Concord, CA is the largest city in Contra Costa County; it also has one of the largest achievement gaps in the Bay Area. While over 75% of students in the county are on grade level, seven out of ten students in the Monument Corridor are behind. Only 15% of Latino students in the county graduate high school having completed the requisite coursework needed to gain acceptance into a UC university. This means of the 606 Latino students who graduated in 2013, only 91 were college ready.
This lack of college readiness starts early. In Concord, students who attend the lowest performing elementary schools feed into the lowest ranked middle schools, and then to the lowest performing high schools in the county. With a proven track record of beating the odds for our Rocketeers in San Jose, Rocketship is striving to break this cycle in Concord. Rocketship is working to establish a high performing, public charter elementary school in the Monument Corridor neighborhood in 2016. In early June, Rocketship will formally submit a petition to the local school district to establish a charter elementary school in the community.
For the last few months, Rocketship has been learning more about the needs of the community by building partnerships with Concord parents.
Humberto and Isabel Carmona are two of the proud parents who recently joined the Concord Rocketship Parent Team to help bring Rocketship to their neighborhood. Their three-year-old daughter, Alexa, is a reflection of the love they have for one another. Both Humberto and Isabel came to Concord on the hopes and dreams of their families.
Humberto met Isabel in an English class they shared, as he helped her with learning English. Humberto comes from meager beginnings. Originally born in Guadalajara, Jalisco, he has not seen his family for 13 years. The opportunity divide in Guadalajara is immense. “Either your family is very rich, or very poor,” says Humberto.
“If you don’t happen to know someone very high up in the government, a person who comes from a struggling family will have no chance to attend college. It is too expensive.”
Isabel comes from similar beginnings in Oaxaca, Mexico. “It is the same where I am from,” says Isabel. “Only people who have money are able to go to college.”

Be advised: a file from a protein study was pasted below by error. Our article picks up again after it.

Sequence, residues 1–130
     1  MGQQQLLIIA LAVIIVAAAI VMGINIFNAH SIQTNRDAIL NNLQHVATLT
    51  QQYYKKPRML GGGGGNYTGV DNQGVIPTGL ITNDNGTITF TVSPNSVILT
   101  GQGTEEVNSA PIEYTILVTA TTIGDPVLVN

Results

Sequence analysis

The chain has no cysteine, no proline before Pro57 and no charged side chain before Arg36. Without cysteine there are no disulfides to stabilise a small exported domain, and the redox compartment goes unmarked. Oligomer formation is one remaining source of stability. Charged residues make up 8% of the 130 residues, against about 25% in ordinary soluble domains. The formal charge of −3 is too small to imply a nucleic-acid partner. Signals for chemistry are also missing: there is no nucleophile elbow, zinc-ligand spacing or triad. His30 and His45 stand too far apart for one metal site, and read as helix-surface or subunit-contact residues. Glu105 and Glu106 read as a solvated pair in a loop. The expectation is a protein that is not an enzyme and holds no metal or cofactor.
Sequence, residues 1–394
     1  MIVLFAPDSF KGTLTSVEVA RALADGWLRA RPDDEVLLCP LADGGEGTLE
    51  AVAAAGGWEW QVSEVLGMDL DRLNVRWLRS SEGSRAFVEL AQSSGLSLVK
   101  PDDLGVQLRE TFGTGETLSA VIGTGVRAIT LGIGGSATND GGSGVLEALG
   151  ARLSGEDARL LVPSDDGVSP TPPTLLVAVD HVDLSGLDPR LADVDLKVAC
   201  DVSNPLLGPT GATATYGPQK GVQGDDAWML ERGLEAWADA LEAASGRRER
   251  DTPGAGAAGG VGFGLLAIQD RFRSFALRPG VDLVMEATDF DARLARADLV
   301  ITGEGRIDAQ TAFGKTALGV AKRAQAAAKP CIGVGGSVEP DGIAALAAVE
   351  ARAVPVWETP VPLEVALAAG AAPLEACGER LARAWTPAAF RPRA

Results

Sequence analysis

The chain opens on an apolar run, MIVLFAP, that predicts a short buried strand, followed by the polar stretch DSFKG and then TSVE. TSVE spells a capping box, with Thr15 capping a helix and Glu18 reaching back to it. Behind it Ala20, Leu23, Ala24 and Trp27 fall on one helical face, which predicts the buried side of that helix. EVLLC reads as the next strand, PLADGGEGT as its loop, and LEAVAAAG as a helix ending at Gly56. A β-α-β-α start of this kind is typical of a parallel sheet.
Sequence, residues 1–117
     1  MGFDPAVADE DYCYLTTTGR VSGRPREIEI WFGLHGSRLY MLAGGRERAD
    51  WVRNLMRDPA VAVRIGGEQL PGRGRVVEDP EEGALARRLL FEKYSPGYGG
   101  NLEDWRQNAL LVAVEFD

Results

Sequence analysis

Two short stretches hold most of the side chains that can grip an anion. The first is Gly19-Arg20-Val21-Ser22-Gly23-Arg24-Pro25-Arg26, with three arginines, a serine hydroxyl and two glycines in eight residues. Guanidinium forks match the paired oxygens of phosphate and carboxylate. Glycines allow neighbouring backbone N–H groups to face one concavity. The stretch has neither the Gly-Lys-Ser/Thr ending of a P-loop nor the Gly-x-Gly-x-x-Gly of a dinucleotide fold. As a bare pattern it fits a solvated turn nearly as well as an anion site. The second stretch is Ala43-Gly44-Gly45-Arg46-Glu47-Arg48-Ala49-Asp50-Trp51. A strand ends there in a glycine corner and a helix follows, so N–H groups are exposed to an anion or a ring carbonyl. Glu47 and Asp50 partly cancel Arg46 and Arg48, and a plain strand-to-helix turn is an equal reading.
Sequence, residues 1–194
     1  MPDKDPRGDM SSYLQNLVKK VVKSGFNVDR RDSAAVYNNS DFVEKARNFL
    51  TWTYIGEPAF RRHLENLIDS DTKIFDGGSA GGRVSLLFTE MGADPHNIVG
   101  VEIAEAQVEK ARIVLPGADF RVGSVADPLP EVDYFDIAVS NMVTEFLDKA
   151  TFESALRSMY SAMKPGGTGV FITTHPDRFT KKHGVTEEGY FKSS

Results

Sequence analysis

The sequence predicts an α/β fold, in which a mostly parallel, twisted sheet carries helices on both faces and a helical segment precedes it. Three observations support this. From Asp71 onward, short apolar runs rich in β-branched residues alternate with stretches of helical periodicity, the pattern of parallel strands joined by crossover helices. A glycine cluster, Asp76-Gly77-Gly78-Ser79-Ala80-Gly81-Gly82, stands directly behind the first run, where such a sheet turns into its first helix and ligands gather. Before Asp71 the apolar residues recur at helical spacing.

When Isabel moved to California in 2005, her oldest daughter, Amayrani, stayed in Oaxaca. Isabel fears Amayrani won’t have the chance to attend college, but she hopes one day Amayrani will become a university graduate.
Humberto and Isabel don’t want to leave college up to chance for Alexa, who will soon be preparing to enter kindergarten.
“I want better for our daughter. I have had to go through many things since I have been in this country, and it has been painful at times,” says Isabel.
“I don’t want Alexa to have to go through what I have gone through. I want her to be able to have better opportunities and I know education is the key. She is my little princess, and I want to make sure that she has a good life,” says Humberto.
When Humberto and Isabel learned about Rocketship, they were instantly interested in the opportunity.
“We are learning that kids from our community are not performing well in the schools here. We want to make every effort to make sure that our daughter is successful…Rocketship offers a great opportunity not just for our daughter, but lots of children in this community who need a chance to succeed,” says Humberto.
Humberto and Isabel have been regularly attending parent meetings, and are eager to continue spreading the word about Rocketship in the community and working with new parent leaders. Both look forward to being a part of the upcoming meetings with school board members as they strive to transform their community.
Rocketship is excited to have them both as a part of our parent leadership team!
Teshone Jones comes to Rocketship as an Education Organizer, after extensive experience organizing membership-based public interest groups, as well as faith institutions and schools. She is a North Carolina native, and her organizing journey began during her years as a student at the University of North Carolina at Greensboro. Teshone’s organizing work is inspired by her experience working with elementary school students in the Title I schools of Greensboro, NC. Teshone has come to know that organizing is the only way through which communities of color can advocate for a quality education system and create avenues for sustainable economic opportunity.